Advice needed: newly installed independent ground runs

Apologies in advance for my almost complete ignorance of electrical issues!

As part of a whole-house rewire, I had the electrician add two #10 independent ground runs to two brand new Power Ports for the hi fi.

I hear buzz from appliances on other circuits in the speakers, and switching box fans on and off creates pops (these are also on other circuits). I can also hear a buzz from the power supply for the turntable when this is switched on.

All the audio gear is running into one receptacle through an older Chang power conditioner (saving up for a Power Plant).

I’m assuming this means that the new circuits have been wired incorrectly, as I thought these new (apparently) IG runs would eliminate noise from the other circuits.

In advance of talking to the electrician about it, are there any obvious ways this could have been mis-wired to create the above problems?

Thanks also in advance

Welcome, @sean.dungan !

A frustrating circumstance, certainly. There are a couple of people here who are very good with such questions. Hopefully they will come along soon.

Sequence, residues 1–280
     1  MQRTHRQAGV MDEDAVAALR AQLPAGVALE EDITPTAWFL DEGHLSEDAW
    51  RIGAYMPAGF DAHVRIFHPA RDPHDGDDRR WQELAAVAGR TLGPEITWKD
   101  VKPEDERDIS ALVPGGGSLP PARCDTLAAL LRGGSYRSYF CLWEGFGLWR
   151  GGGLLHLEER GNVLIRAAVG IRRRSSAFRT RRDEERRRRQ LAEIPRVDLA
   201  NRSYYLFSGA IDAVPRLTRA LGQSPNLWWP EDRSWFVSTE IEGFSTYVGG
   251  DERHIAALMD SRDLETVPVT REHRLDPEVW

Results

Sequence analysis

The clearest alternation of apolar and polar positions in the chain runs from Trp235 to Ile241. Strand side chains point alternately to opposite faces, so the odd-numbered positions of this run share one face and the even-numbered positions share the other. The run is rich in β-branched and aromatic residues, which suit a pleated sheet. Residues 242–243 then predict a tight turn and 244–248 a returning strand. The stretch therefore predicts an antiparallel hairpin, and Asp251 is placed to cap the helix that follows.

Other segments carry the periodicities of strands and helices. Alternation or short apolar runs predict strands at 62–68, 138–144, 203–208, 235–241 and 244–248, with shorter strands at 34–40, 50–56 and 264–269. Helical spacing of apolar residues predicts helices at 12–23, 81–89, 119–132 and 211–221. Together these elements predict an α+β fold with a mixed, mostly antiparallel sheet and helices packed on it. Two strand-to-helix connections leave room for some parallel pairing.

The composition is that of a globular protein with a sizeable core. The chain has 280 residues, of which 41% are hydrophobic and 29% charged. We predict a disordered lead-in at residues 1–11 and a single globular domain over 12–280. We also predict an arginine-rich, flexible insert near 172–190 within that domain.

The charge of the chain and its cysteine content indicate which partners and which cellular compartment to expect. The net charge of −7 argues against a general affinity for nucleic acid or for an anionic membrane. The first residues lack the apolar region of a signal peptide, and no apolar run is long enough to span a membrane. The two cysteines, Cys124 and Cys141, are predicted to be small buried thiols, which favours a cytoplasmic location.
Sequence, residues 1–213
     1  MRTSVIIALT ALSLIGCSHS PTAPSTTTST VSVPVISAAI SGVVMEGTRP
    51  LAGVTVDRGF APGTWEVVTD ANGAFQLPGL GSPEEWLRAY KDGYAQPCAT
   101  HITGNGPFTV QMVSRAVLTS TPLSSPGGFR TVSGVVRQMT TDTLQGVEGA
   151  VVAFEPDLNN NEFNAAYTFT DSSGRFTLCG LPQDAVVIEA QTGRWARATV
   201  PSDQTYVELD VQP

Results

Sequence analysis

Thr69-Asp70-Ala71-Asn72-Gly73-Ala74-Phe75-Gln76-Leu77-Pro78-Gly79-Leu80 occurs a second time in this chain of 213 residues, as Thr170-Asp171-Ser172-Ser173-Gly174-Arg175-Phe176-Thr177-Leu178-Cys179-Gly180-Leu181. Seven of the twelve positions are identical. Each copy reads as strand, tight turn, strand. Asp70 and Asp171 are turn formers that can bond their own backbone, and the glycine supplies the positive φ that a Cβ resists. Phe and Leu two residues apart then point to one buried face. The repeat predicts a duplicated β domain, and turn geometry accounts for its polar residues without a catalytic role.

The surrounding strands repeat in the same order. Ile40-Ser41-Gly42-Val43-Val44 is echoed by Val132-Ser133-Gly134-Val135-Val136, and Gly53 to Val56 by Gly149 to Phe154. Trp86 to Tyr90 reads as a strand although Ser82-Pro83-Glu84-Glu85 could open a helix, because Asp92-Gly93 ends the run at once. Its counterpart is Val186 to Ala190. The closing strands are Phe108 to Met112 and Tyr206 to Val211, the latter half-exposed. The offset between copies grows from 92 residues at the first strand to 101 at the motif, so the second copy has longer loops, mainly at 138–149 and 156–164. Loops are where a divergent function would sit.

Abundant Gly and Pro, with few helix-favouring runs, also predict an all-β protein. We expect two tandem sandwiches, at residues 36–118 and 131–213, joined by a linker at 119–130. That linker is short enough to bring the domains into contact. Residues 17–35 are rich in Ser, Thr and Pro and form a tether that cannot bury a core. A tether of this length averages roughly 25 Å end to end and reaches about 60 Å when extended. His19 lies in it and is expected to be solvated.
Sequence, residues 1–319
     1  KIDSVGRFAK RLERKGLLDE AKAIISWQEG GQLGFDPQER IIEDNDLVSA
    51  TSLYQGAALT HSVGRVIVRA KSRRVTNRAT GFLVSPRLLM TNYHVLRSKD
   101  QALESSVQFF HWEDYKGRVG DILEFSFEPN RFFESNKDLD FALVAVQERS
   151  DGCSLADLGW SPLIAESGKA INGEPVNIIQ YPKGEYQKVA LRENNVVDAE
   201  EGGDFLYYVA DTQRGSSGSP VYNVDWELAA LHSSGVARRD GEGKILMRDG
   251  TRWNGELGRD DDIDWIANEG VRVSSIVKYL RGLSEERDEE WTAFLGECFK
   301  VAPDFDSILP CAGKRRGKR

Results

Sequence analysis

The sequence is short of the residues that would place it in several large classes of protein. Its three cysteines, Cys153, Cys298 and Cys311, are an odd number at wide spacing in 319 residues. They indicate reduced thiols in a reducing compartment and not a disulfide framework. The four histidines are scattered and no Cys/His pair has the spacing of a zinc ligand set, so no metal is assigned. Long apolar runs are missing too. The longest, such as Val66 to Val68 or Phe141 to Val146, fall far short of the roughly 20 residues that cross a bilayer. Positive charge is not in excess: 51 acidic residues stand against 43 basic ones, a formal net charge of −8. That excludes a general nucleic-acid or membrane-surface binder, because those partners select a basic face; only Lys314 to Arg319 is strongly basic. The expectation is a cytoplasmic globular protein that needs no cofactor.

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Welcome @sean.dungan,

What kind of electrical service do you have? Are you in the US? In the US most household uses 240v single phase. That means you have two hot wires on opposite phases and a neutral wire which is also the ground wire coming into your main service. To really isolate your stereo circuit from the annoying appliances, it’s best to have the stereo circuit on the phase that’s opposite the appliances, but also have a dedicated neutral and ground so they’re not sharing the same power as the appliances to their circuit breakers. Sometimes noise still leaks through the since both phases have the same neutral, but it helps also to have dedicated grounds to your new circuits.
I don’t know if your two stereo circuits are on opposite phases also. It’s best if they are on the same phase if possible and run two separate neutrals regardless, one for each circuit.